Alexis Belonio, Victoriano Ocon, and Antionio Co

Garbage-In Fuel-Out (GIFO) Project,
Suki Trading Corporation, Lapu-Lapu City, Cebu, Philippines

This project is a cooperation between Suki Trading Corp. and Kanvar Enterprises and the Centre for Rice Husk Technoloy (CRHET).

Quoting "Prof. S.C. Bhattacharya" :

Dear all,

I would be happy to share some publications arising from the following
activities at the Asian Institute of Technology:
1. Sida funded Regional project: An information package (including
construction details) on biomass briquetting machines developed in a
number of Asian countries and design of natural- cross-draft gasifier stoves that can operate continuously is available. The briquetting machines developed
were improvements on standard screw-press heated die design. Cross-flow
gasifier stoves were designed for different sizes; these do not need any
blower and can operate continuously without any smoke.

The briquetting and gasifier stove work I mentioned was carried out under a
Sida-sponsored project at the Asian Institute of Technology (AIT). The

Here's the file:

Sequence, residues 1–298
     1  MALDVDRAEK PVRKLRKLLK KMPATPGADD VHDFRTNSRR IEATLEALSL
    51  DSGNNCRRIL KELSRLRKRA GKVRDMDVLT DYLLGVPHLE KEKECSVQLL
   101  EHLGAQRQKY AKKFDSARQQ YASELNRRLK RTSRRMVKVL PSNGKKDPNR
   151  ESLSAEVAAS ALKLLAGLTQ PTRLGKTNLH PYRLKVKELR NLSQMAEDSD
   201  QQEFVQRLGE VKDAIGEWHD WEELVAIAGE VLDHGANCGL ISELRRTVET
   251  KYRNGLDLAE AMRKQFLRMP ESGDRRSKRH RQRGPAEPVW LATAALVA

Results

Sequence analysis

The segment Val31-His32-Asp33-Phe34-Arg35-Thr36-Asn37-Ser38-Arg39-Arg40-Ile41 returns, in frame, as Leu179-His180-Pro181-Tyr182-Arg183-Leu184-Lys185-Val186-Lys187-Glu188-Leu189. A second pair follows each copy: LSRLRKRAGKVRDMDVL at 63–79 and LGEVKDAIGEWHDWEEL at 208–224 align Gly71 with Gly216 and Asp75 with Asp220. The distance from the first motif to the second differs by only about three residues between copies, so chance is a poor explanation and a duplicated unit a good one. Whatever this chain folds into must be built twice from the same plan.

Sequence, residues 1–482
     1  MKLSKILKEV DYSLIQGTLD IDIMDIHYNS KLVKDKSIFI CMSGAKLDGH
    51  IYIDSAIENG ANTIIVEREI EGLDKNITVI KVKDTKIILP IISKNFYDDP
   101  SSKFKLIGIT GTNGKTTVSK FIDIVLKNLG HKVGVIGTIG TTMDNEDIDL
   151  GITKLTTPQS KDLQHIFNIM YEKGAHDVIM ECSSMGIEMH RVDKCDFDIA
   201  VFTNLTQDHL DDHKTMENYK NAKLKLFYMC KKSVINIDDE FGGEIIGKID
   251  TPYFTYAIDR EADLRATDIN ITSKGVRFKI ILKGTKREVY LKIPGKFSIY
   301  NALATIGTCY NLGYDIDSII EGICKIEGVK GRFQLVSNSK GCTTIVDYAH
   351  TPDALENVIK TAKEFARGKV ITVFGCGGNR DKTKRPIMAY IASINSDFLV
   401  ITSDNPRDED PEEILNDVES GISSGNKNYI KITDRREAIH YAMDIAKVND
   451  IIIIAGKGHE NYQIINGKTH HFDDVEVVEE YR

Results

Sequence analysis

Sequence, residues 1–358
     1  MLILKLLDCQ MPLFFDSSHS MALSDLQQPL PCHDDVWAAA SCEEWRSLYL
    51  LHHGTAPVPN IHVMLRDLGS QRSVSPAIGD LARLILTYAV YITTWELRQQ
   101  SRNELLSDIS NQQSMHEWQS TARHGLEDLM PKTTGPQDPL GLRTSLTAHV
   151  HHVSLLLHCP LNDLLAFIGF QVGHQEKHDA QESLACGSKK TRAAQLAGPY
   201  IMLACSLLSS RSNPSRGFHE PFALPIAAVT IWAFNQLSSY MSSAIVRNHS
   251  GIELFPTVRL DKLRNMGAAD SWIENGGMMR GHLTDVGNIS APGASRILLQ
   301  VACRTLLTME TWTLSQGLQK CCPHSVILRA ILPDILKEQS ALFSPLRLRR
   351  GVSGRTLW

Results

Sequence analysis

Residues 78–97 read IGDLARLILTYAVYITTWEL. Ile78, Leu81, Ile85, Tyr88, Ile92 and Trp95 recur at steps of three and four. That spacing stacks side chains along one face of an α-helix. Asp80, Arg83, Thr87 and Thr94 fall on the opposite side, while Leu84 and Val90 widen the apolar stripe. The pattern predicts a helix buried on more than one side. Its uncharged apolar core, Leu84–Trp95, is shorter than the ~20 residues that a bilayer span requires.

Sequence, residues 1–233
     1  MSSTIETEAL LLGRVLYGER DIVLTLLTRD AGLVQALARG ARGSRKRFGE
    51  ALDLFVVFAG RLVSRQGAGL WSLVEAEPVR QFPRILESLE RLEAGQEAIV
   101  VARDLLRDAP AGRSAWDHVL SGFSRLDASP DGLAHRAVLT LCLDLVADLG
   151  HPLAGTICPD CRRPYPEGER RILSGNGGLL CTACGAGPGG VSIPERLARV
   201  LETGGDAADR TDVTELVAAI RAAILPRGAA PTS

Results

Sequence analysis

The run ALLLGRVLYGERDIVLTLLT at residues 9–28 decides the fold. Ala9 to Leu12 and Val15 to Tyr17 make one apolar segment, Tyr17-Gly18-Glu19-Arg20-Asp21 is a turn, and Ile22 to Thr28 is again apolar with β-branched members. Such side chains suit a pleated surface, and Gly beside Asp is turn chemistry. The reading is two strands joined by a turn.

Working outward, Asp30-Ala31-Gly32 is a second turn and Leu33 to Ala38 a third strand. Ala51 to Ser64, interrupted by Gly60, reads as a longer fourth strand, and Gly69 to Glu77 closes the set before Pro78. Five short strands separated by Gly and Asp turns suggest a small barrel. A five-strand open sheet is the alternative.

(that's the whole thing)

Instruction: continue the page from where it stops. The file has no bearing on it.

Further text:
project involved researchers from 12 national research institutes of six
Asian countries, e.g., Bangladesh, Cambodia, Lao PDR, Nepal, Philippines and
Vietnam. The findings of the project were disseminated through national
dissemination seminars in these countries; published "Technology packages"
were distributed widely in the region and are still available for
downloading from the project website. We organized technology transfer
workshops, in which a number of NGOs form the region were invited, on most
of the technologies developed.

(There is no restriction on distribution of the technology packages.)

Unfortunately, the link of the project is not working due to heavy flood in
Thailand; AIT appears to be still under 2 m of water.

2. GTZ funded project on Biocoal: We used the term "Biocoal" (rather than
"Biochar") for charcoal produced from solid organic residues such as
agricultural residues and waste wood. The findings of the project were
reported in a book titled "Biocoal Technology and Economics" by "Regional
Energy Resources Information Center (RERIC)" (

The chapters of the 495-page book were:

  • 1. State of the art of biocoal technology,
  • 2. Biocoal technology: A comparison of options and recommendations,
  • 3. Carbonisation of sawdust briquettes,
  • 4. Laboratory-scale batch carbonisation selected residues,
  • 5. Cost and availability of selected residues in Thailand,
  • 6. Characterisation of selected residues,
  • 7.Biocoal: Market requirements and Opportunities in Thailand, and 8. Economics of biocoal production in Thailand.

A few copies of the book are still available with RERIC. A number of
chapters of the book were summarised as journal articles; I will be happy
share some of these with interested persons for their personal use and
research purpose.